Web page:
db
7/9/1997

Ornette Coleman, Charlie Haden and Billy Higgins and special guests

Lincoln Center Festival 97
July 10, 1997

I’ve been waiting years for this concert, I’ve really felt bad about all the times I had to miss opportunities to hear Ornette perform acoustic music.

The first half of the concert featured Ornette Coleman (alto saxophone, trumpet and violin) with original quartet members Charlie Haden (bass) and Billy Higgins (drums). With the late Don Cherry on trumpet, they changed the post-bop, post-Charlie Parker world of jazz by taking a turn and improvising on the melody, not the chord changes. A lot of established jazz masters were hostile, others learned and incorporated the new language into their own music.

This evenings concert featured music either new or unfamiliar to me, doesn’t really matter because the compositions were obviously Ornette.

Highlights included:

  • Not just the give and play between the members of the trio, but the solos by Haden (liquid) and Higgins (stunning).
  • Ornette on trumpet!
  • Ornette on violin!!
  • It was a long set!!!

After intermission, the trio was joined by Kenny Barron (piano) and Wallace Roney (trumpet). Damm strange to hear Ornette with a piano, but I guess it worked. At one point, Barron had a solo spot and sounded way too manicured, as soon as Haden walked in, those nails grew.
Roney, on the other hand seems to have a bit of that dusty old neo-classical-bop in him that he really tried to shake off. He would bend and slide a bit, but couldn’t resist playing some runs to blow off steam. Towards the end, the different approaches to tuning between Ornette and Ronney really showed, beating like crazy.

Vocalists Lauren Kinhan and Chris Walker both sat in (stood in?) for a song a piece and also a duet. This gave Ornette an opportunity to harmolodicize to a ballad, sliding in his own melodies. Kinhan’s phrasing was particularly stunning. The band closed out the set with the blues Turnaround.

How was the sound? I’m glad you asked….the first half of the evening was pretty good , the drums could have been a wee bit louder, the horn was a a bit piercing when loud, too soft when soft and the bass was just right, said Goldielocks. During the second half, Ornette could have been a bit louder. I sat about 15th row but up on the wall, in the 1st tier.

Did I mention how much I miss Don Cherry and Ed Blackwell?

db
7/11/1997

Both reviews originally appeared on-line in Juxtaopsition Ezine.

NY Times review of the same shows over here.

American Festival of Microtonal Music
MicroMystery Tour ’98
May 7-8, 1998
St. Pauls Chapel, Columbia University, NY, NY.

day two

Gong Elegy (author unknown) was performed by Mysterious Tremendum Sacred Tone Ensemble with Don Conreaux as gong master of ceremonies. A rather beautiful mysterious affair, very much like a ritual. A pair of monks glide in playing their instruments, a veiled woman sits playing singing bowls, a man in white appears from behind the altar and shouts while Conreaux in black and sunglasses swinging the gong around.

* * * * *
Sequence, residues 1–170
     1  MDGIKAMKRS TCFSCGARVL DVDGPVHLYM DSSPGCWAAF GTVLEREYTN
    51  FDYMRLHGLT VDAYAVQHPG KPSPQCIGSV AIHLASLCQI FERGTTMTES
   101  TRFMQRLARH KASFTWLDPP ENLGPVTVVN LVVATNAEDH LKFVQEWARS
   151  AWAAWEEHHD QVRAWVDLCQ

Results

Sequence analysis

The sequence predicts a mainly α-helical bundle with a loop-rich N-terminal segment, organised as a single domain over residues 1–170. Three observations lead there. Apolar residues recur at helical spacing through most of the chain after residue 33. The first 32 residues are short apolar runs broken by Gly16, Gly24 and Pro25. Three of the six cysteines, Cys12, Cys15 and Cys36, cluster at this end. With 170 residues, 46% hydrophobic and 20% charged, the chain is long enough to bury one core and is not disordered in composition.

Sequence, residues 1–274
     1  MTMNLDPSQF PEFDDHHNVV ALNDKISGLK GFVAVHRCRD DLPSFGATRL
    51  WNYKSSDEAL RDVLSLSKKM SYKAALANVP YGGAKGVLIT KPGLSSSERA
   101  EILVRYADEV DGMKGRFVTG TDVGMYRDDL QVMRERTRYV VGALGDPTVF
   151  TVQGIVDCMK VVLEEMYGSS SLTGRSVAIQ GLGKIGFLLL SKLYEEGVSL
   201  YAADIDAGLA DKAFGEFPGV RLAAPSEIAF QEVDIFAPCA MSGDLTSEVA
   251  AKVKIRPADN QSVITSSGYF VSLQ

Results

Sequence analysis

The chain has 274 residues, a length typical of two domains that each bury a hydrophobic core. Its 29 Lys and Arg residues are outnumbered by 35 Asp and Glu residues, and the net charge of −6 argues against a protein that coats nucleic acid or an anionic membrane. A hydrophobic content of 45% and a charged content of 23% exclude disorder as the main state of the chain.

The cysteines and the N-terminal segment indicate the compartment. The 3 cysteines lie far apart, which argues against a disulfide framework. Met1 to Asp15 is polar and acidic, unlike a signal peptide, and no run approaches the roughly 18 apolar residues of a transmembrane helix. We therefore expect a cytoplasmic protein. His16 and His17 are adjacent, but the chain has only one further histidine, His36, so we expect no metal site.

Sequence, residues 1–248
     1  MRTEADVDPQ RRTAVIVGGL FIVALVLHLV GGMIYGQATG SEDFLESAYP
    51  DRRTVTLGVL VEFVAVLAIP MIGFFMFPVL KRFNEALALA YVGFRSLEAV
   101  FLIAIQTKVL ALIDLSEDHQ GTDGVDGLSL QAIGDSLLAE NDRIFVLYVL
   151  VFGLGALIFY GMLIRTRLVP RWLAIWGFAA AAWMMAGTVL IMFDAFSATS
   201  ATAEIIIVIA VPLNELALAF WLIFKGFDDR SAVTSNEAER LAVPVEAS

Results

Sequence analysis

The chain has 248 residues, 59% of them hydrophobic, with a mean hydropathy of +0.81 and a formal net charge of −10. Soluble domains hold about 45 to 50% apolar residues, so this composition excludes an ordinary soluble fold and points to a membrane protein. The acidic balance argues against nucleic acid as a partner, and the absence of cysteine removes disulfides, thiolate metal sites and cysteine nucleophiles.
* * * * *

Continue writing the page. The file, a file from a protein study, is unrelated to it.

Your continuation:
Mysterious Tremendum Sacred Tone Ensemble
Don Conreaux – gong, conch shell and horn
Randee Ragin – Tibetan singing bowls, ting sha and voice
Johnny Reinhard – bassoon
David Smith – vocals
Linda Wetherill – flutes, microtonal rods, voice
Andrew Salcius – cello, voice
Graham Hubbel – didjeridoo, conch shell, shakuhachi flute, harmonica, voice
Doron Yomtov – didjeridoo, conch shell, ney, bells, voice

Rebecca Pechefsky struggled through four of J.S. Bach’s Preludes and Fugues from the Well Tempered Clavier in Werkmeister III. The performance was so tentative at first, Pechefsky seemed to either have a case of stage fright or she was sight reading the pieces. Towards the end as she gained confidence, the harpsichord started to slip out of tune.

James Tenney’s Spectrum II for wind quintet was a gem. Full of long droning tones, pieces like this are perfect for the resonant St. Pauls Chapel. The chapel must have a decay of 10 or 15 seconds making Spectum II even more lush then it already is.

Some people remarked later that the the piece “didn’t grab them”, “wasn’t as good as his other works” or even that they flat out didn’t like the piece. Nay folks, I thought the piece was beautiful. Very much in the relm of Morton Feldman or La Monte Young. The work used an 11 tone 19 limit harmonic just intonation tuning.

ratio 1/1 17/16 9/8 19/16 5/4 21/16 11/8 3/2 25/16 13/8 7/4
cents 0 105 202 298 386 471 551 702 773 841 969
Andrew Bolotowsky – flute
Ron Kozak – English horn
Michiyo Suzuki – bass clarinet
Johnny Reinhard – bassoon
Greg Evans – French horn

After years of hearing bad 1/4 tone music, neo-classical Cozenage by Howard Rovics was quite a relief. I particularly liked the up tempo last movement.

Andrew Bolotowsky – flute
Johnny Reinhard – bassoon
Judith Hershman – marimba
Howard Rovics – synthesizer

Johnny Reinhard intoned Harry Partch’s December 1942 with John Schneider playing his adapted guitar. It’s always a joy to hear Partch performed, but I miss hearing his voice. I look forward to hearing Schneider’s forthcoming recording of the piece.

Jon Catler’s Sleeping Beauty started with him playing slide on a guitar “prepared” with a bridge in the middle of the neck. He’d play the play behind this bridge and the vibrations of strings on the other side of the bridge would be amplified by the pickups. In another section, while the rest of the ensemble droned, Catler played arpeggios while he stood on a wah wah pedal. Not the wacka-wacka of Eric Clapton on White Room but a way of focusing the chord. In other sections, melodies more closely resembled the melodic material found on the Birdhouse tape and the Catler Bros. cd “Crash Landing”. The acoustic instruments really should have been amplified: Catler and ensemble turned in a fine performance that was warped by the acoustics of the chapel.

Jon Catler – electric just intonation guitar
Johnny Reinhard – bassoon
Young-Ling Chan – bassoon
Skip LaPlante – canon/dulcimer

Picks:
Gong Elegy (author unknown)- Mysterious Tremendum Sacred Tone Ensemble
Spectrum II – James Tenny
December 1942 – Harry Partch
Sleeping Beauty – Jon Catler

db

5/25/98

Originally published on line at Juxtaposion Ezine.

American Festival of Microtonal Music
MicroMystery Tour ’98
May 7-8, 1998
St. Pauls Chapel, Columbia University, NY, NY.

day one